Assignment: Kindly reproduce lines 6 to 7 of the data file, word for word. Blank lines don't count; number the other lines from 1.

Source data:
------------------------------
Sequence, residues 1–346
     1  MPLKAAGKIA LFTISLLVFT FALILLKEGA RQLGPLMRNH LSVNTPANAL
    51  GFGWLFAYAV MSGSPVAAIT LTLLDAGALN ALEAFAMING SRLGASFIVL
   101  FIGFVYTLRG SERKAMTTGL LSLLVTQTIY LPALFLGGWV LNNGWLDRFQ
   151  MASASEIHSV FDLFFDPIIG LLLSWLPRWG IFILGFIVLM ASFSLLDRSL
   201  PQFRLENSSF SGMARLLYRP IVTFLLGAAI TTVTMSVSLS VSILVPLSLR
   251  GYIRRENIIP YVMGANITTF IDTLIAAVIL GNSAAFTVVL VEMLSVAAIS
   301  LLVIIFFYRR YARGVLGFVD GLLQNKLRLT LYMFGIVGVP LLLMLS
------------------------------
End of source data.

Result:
   201  PQFRLENSSF SGMARLLYRP IVTFLLGAAI TTVTMSVSLS VSILVPLSLR
   251  GYIRRENIIP YVMGANITTF IDTLIAAVIL GNSAAFTVVL VEMLSVAAIS